Why running WiFi Speed Tests?
On multiple occasions, I’ve come across individuals who express their dissatisfaction with a venue like a hotel or conference by sharing their WiFi speed test results as evidence. Given the rise in remote work, digital nomadism, and in-person events, such instances are becoming more prevalent. The truth is, conducting a WiFi speed test has become the ultimate benchmark for assessing network performance, be it for a personal internet connection, a hotel’s guest wireless network, or a conference venue. In a previous article, I covered speed tests in a broader context. However, in this piece, I aim to emphasize the key factors that should be taken into account when interpreting results specifically in a WiFi setting.
What’s Behind a WiFi Speed Result?
It’s important to understand that obtaining a poor WiFi speed result doesn’t automatically imply that the WiFi network itself is to blame and requires an upgrade. In reality, various factors contribute to an unfavorable WiFi speed test. These factors include the performance and load of both the client and server, the condition and efficiency of the underlying network infrastructure (including WLAN, LAN, and WAN), the quality of the internet connection, and, naturally, the strength and stability of the wireless signal.
One thing remains certain: end-users are not concerned with whether the issue lies with the WiFi, the internet, or any other technical aspect. What matters to users is receiving a reliable and satisfactory WiFi service. Consequently, providers of WiFi services should regularly conduct WiFi speed tests to ensure that their network meets specific criteria that fulfill the expectations of end-users.
Different Speed Test Options
It is crucial to acknowledge the existence of multiple speed test options that employ different strategies, potentially yielding varying results. I highly recommend referring to the article that compares different speed tests to gain further insights and determine which one(s) align most effectively with your specific needs.
The following three screenshots depict the disparity in results obtained by conducting speed tests using the same NetBeez WiFi monitoring sensor across three different service providers. The results were the following:
- Speedtest by Ookla, which is widely utilized by Internet providers and recognized by the general public, reported 70 Mbps down and 61 Mbps up.
- NDT by the M-Lab, which is also integrated with the Google search engine (do a simple search for “speed test”), reported 87 Mbps down and 44 up.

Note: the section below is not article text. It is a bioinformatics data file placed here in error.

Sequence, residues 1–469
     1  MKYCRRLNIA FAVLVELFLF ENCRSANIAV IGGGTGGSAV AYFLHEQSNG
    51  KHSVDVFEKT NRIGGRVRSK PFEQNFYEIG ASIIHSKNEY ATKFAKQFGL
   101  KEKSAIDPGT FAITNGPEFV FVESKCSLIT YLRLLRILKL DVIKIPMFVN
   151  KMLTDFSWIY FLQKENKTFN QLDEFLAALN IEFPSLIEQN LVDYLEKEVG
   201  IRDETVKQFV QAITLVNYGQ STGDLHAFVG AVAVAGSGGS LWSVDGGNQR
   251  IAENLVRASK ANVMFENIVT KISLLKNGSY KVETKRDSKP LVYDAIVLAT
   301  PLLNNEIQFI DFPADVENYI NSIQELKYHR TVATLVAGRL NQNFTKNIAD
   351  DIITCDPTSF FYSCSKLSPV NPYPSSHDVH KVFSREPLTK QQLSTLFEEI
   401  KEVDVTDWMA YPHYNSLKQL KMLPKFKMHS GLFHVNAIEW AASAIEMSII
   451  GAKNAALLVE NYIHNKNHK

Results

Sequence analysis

- Fast.com, which is maintained by Netflix and primarily tests the speed to its CDN network (in fact, by default, it just reports the download speed), reported 83 Mbps down.
Different results were obtained from the same providers when running WiFi speed tests with a NetBeez agent equipped with a WiFi version 6 card. The only commonality is that all tests reported an increase in both download and upload speed, as expected.
In essence, when performing speed tests in a WiFi environment, it is recommended to verify that the results exceed a minimum threshold for both download and upload speeds, while minimizing significant fluctuations. This should be the condition sufficient and necessary for supervising a WiFi service with speed tests.
How to Deal with Bad WiFi Results
When a network consistently produces unfavorable WiFi speed test results, it becomes crucial to break down the problem into subdomains for a more comprehensive analysis. For instance, you can begin troubleshooting by analyzing throughput between a WiFi client and its access point, perhaps running an iperf test. Then move southbound towards the next network portion, until you reach the Internet. Alternatively, you may opt for a bottom-up approach, commencing with the physical layer (Layer 1) and progressively advancing up to Layer 7 while resolving any problems encountered along the way.
In summary, interpreting WiFi speed test results and addressing potential issues requires careful consideration of various factors. Regular testing, understanding user expectations, and implementing effective troubleshooting techniques are essential for providing a reliable and satisfactory WiFi experience. The WiFi monitoring solution by NetBeez provides a simple yet effective way to easily verify and enforce speed test results.